So working on a service desk can be a tough job anyway – high volumes, which might lead to long days, and potentially less-than-friendly interactions – before we start to look at the root causes of stress.
Some other key findings from the GFI survey worth noting
The GFI survey also reported the following:
- In the US, the number of respondents experiencing stress-related illnesses increased slightly, to 27% from 25% in 2014
- 38% of US IT staff regularly lose sleep due to work pressures; this goes down to 30 percent in the UK
- In the US, almost 50% of those surveyed said they work between 8 to 20 hours unpaid overtime per week. In the UK, the number rose from 25% in 2014 to 28% in 2015
- In the UK, when asked if a career change was being considered, 68% of UK IT pros replied “yes” in 2014. In 2015 this number shot up to an incredible 89%. In the US the number went from 78% in 2014 to 81% in 2015
- In the UK, 26% of respondents said that their work has strained or ended a relationship with a loved one or a close friend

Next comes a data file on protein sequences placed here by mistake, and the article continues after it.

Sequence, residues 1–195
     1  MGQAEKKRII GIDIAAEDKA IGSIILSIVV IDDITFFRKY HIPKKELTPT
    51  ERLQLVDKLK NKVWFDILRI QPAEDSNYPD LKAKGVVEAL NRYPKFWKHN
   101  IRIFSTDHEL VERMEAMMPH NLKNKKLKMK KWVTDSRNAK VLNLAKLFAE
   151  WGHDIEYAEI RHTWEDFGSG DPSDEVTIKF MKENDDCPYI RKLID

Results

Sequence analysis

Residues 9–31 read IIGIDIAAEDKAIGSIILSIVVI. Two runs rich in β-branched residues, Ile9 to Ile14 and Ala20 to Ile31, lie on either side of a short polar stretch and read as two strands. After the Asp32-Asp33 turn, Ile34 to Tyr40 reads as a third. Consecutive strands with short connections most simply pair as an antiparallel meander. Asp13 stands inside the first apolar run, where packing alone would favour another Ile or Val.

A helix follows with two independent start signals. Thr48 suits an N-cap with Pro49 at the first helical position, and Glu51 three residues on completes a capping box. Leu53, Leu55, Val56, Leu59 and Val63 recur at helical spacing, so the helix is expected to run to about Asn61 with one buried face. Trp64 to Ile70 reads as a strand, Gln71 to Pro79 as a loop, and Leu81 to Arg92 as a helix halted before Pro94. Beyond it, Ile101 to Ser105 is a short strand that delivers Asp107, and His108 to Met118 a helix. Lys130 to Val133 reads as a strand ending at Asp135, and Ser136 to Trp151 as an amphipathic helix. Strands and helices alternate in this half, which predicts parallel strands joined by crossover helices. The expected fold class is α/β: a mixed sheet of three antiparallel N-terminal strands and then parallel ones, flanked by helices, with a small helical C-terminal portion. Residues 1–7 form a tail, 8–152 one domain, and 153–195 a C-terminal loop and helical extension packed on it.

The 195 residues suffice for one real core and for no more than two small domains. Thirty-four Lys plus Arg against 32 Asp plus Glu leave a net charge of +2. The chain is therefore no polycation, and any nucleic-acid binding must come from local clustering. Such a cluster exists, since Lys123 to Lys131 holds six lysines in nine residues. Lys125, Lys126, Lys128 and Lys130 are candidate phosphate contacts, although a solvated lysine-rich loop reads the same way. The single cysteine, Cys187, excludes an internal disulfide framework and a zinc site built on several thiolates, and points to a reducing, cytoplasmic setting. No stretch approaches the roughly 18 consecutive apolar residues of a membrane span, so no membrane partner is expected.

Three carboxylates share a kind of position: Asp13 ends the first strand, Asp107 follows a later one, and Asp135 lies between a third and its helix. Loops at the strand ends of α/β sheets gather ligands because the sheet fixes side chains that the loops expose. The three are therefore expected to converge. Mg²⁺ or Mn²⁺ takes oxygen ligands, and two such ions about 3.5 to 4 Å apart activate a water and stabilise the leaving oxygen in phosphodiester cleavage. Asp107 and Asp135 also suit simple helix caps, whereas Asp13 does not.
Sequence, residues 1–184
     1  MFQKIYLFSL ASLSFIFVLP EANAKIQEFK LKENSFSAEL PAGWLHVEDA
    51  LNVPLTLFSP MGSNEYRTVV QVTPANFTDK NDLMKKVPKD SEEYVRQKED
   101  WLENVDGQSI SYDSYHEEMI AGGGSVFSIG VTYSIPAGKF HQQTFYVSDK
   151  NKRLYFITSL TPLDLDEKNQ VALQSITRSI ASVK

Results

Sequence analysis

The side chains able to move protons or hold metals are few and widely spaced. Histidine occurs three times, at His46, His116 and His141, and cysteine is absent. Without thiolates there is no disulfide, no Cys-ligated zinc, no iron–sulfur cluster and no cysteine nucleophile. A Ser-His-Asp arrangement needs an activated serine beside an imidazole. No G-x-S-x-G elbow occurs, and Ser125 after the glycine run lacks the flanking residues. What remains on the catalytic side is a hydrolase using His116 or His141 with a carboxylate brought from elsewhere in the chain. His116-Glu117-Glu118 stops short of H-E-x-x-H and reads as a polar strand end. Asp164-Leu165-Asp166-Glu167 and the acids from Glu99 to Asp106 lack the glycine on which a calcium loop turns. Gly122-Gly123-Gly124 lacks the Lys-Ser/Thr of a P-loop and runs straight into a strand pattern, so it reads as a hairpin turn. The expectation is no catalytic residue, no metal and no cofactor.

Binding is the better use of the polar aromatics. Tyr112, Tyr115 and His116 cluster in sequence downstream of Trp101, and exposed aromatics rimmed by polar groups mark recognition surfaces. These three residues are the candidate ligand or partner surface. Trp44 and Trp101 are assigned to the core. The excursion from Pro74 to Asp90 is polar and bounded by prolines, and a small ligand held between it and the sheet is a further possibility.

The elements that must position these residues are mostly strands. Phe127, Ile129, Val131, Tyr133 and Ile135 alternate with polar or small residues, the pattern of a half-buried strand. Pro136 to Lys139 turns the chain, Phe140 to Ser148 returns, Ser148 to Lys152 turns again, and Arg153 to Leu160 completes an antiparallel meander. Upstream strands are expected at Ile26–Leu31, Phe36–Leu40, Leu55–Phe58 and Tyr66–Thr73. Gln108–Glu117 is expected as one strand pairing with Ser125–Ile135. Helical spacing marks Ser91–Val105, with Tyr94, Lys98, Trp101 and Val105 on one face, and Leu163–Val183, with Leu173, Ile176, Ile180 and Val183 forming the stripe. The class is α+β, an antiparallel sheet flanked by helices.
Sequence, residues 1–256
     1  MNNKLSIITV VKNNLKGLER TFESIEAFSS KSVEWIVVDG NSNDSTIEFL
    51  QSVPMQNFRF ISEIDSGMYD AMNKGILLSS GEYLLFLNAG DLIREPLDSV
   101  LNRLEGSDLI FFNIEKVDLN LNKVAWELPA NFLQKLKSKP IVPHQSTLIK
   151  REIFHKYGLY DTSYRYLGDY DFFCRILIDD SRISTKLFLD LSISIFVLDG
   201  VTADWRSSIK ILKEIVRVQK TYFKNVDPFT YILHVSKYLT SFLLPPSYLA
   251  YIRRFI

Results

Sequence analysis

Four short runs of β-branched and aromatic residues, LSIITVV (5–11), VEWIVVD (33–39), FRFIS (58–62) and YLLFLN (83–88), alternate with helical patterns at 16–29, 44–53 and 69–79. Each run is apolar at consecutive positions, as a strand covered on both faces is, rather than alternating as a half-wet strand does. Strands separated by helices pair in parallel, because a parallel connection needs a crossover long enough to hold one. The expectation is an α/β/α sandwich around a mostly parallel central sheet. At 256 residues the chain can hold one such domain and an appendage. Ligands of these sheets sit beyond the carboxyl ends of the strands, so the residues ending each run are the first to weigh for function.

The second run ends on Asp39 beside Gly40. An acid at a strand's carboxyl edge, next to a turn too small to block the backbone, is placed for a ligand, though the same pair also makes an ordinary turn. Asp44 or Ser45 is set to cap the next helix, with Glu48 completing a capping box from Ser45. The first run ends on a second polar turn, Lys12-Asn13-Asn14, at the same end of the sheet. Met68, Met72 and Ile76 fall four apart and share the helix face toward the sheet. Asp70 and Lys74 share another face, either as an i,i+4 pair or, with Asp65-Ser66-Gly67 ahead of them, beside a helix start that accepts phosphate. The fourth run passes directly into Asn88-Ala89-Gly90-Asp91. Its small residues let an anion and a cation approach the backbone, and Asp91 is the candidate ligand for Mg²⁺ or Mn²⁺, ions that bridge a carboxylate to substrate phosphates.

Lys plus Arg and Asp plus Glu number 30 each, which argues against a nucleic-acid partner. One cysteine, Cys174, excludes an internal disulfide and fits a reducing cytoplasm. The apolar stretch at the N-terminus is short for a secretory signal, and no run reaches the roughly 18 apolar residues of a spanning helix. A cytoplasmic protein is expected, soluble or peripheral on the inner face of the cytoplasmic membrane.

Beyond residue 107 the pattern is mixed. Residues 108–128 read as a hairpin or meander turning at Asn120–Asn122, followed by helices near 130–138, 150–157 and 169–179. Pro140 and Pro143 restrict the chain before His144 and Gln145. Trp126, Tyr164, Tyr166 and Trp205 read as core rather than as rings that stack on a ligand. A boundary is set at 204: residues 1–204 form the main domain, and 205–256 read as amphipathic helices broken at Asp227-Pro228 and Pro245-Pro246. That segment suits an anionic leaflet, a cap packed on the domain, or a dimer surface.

This is enough bad news, so what can corporate IT organizations actually do about it?
11 tips for reducing service desk agent stress
There’s nothing new or innovative here – there doesn’t need to be. Instead these tips are logical and grounded in common sense. The important thing is to use them to do something tangible about service desk stress levels or the service desk working environment per se:
- Recognize that service desk agent stress could be an issue. Either for you as an individual or your service desk team. If you aren’t in a position (of power) to deal with this yourself, flag it to someone in IT who is (or your HR department).